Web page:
of microbes. This is a highly technical field requiring expertise in a number
of disciplines for accurate classification of the microbes under study.
Microbial Evolution: This field is devoted to trying to ascertain the
evolutionary history of the prokaryotic world. Hints about the origins of life
along with the development of the eukaryotic cell are being found by individuals
in this field.
Bacterial Genetics: This is the field that used to be molecular biology
prior to the "revolution" of the 1970's to 1980's. Jacob and Monod worked
in this area and developed the basic model for genetic regulation that we all
use at one level or another when doing our genetics. Techniques from this field
are fundamental to many different endeavors.
Industrial Microbiology: Persons in this field can be viewed as process
engineers. This is the world of production where microbes are used to produces
specific products for sale. Individuals in this field work with large scale
culturing as batches and as continuous culture systems.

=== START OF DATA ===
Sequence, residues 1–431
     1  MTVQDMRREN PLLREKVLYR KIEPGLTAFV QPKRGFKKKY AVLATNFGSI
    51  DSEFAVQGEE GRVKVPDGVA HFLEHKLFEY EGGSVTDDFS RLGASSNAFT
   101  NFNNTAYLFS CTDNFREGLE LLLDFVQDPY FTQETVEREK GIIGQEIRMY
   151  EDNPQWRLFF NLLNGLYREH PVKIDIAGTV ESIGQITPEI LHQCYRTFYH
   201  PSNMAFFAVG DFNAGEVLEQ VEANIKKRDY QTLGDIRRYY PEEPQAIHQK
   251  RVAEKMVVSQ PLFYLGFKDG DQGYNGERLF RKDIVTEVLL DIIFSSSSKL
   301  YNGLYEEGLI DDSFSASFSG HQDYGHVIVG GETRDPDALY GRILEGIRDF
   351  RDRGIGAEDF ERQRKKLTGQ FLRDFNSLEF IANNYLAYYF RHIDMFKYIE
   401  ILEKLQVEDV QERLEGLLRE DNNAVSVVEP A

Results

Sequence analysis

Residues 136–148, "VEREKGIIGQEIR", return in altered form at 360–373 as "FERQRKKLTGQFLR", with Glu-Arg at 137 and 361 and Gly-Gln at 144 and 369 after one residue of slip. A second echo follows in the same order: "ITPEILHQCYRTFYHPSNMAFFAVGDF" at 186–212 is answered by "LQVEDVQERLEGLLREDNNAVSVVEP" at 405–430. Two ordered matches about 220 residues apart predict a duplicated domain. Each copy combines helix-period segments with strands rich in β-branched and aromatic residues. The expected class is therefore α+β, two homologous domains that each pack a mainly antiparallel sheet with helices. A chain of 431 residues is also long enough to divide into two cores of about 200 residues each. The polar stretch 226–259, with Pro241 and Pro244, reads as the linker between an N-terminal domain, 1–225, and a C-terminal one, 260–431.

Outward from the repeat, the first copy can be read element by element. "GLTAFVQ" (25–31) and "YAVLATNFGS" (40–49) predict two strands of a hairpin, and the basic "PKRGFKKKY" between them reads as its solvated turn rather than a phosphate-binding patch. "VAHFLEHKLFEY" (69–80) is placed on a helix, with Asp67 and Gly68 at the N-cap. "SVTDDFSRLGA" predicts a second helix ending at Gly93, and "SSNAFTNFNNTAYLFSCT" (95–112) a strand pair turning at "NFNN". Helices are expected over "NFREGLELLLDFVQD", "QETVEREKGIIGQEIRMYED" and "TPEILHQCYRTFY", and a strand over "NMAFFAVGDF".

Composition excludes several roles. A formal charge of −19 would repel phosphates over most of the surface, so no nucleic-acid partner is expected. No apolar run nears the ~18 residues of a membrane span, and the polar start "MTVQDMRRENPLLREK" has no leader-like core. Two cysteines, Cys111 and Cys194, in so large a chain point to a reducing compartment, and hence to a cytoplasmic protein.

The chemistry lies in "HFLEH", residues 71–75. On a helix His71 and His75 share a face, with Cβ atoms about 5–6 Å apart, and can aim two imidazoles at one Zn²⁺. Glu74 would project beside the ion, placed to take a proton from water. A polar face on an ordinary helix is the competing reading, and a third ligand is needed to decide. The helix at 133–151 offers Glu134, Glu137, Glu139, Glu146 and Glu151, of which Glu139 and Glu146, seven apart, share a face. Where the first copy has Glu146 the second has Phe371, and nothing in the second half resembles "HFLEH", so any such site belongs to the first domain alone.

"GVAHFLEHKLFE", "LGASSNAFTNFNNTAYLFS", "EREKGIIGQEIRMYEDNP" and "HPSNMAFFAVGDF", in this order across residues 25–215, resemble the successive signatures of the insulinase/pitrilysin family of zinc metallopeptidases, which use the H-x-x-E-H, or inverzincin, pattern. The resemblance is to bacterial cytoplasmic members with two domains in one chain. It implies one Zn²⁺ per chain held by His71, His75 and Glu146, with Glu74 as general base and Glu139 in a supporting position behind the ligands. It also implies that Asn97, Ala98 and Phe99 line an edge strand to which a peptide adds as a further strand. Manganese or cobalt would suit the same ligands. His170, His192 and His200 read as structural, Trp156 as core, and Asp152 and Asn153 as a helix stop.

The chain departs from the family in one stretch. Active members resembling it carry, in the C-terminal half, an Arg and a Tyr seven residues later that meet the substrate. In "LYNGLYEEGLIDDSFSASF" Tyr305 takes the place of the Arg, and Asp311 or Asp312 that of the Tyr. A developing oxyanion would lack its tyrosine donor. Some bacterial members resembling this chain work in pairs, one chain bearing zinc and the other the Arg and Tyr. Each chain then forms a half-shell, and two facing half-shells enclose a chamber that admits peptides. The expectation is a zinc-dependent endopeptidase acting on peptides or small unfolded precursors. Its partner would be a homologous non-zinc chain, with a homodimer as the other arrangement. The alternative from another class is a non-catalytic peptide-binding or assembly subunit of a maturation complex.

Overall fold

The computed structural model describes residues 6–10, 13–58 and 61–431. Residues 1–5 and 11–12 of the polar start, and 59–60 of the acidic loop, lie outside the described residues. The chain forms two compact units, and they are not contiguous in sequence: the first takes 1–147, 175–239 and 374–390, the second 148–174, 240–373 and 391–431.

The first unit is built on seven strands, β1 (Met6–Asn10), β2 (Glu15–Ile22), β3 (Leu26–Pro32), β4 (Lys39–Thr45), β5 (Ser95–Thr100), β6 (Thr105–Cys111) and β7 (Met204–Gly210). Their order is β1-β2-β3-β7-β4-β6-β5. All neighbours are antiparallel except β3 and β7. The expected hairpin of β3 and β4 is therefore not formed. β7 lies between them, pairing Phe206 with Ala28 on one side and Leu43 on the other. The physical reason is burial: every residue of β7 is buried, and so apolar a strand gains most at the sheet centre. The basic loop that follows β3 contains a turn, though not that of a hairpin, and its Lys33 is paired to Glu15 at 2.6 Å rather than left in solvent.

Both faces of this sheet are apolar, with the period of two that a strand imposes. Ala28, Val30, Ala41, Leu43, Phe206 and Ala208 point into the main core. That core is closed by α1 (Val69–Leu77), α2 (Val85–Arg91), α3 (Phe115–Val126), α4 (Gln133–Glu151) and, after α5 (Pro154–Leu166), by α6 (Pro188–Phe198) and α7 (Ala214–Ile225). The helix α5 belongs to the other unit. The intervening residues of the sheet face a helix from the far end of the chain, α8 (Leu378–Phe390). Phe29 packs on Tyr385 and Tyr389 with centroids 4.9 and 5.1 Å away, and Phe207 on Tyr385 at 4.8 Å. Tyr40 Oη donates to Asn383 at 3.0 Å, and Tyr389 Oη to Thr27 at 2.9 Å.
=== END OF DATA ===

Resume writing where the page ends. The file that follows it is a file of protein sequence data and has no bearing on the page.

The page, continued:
Biodiversity: Researchers in this field are attempting to identify and
catalogue the microbial world. Due to the inherent difficulties associated with
isolating microbes from environmental sources, research is heavily dependent
on PCR and other molecular techniques to identify prokaryotes and single-celled
eukaryotic organisms present in a given sample. Research in this field provides
raw data for the evolutionist and ecologist along with the added benefit of
providing new organisms which may be a source of new secondary metabolites.
Finally, if you are looking for the next "Taq DNA polymerase" this is where
you need to start. However, be aware of regulatory and treaty issues.
Useful Web Resources